In 1964, to explore the adage "Give me a child until he is seven and I will give you the man," World in Action filmed seven-year-olds. Every seven years, Michael Apted visits them. At 49, ... See full summary »
A group of seven-year-old British children from widely ranging backgrounds are interviewed about a range of subjects. Director Michael Apted plans to reinterview them at seven-year ... See full summary »
Director Michael Apted revisits the same group of British-born adults after a 7 year wait. The subjects are interviewed as to the changes that have occurred in their lives during the last ... See full summary »
Dramatisation of one of the most infamous UK football scandals in the history of the game. In the early 1960s an ex-footballer, Jimmy Gauld, was able to bribe a large number of strikers and... See full summary »
True story of a British soldier (David Thewlis), who is left behind in the Falklands after the war with Argentina. He travels on a journey from the Falkland Islands, to his army barracks in... See full summary »
While making a profile of the model Jean Shrimpton, the team ask a local crew to get shots of an event Jean was attending in the USA. The shots were to take up a couple minutes or so of the half hour programme. The local crew apparently got a bit carried away and sent back World in Action over 11 hours of film. See more »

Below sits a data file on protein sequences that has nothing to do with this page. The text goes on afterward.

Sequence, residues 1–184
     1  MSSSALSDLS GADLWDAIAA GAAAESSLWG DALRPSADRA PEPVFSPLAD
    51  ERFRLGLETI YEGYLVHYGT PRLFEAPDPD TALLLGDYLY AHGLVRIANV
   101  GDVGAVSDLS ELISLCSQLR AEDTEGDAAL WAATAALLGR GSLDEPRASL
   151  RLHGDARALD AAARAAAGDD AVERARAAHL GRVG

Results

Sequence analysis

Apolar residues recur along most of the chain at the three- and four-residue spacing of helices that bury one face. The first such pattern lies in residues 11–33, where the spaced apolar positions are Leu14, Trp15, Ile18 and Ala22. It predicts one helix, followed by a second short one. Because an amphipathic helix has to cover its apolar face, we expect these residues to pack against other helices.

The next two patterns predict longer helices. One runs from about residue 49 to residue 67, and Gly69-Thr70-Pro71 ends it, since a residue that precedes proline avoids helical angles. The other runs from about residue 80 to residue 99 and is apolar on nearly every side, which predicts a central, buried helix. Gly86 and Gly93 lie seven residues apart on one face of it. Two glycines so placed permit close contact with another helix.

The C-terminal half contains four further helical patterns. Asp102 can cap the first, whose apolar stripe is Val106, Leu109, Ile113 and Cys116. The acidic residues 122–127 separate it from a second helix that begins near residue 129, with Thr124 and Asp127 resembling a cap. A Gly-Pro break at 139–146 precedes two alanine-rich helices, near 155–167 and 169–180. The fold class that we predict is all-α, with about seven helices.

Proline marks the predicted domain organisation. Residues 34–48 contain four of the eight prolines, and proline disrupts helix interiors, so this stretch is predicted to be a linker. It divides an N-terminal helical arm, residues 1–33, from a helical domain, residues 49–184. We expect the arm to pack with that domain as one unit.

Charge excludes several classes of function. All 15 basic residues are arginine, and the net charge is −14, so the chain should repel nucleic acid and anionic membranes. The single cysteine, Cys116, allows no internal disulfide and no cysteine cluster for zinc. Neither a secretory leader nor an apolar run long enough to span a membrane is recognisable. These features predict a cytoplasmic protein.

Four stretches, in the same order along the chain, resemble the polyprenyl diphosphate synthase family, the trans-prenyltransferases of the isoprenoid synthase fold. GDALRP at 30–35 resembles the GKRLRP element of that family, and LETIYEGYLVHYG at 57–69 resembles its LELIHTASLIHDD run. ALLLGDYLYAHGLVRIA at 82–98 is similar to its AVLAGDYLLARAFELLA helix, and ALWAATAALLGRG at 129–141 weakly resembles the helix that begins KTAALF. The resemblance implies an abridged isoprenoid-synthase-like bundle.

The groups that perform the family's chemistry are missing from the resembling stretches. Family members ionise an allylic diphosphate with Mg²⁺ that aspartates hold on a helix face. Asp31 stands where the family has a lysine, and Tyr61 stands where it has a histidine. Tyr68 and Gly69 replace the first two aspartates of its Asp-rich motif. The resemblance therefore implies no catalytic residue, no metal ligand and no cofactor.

A comedian once said he had cured his friend's manic depression by stopping him watch World in Action. For there on a Monday night sandwiched between a soap opera and a jolly sitcom was our conscience, a reminder that things were not quite right in the world and somebody might be suffering. Most TV shows have a routine compilation edition at the end of the year and one of World in Action's was modestly sub titled 'Sorry,nothing doing' as if to say their years output had made no difference,but this was not so, a World in Action film lingered in the mind and did affect change. Its film on lorry drivers probably pushed through the Tachograph?,its films on mental health definitely helped sweep away the old style mental institutions and the reason furniture today has a 'flame proof' label was probably due to its eye opening film of an armchair catching fire. In today's mass media,issues blow up and shine bright for a couple of weeks and then are forgotten, but in the days when TV was 'the' window on the world a World in Action issue was a slow burner that you would not forget and did eventually make difference.
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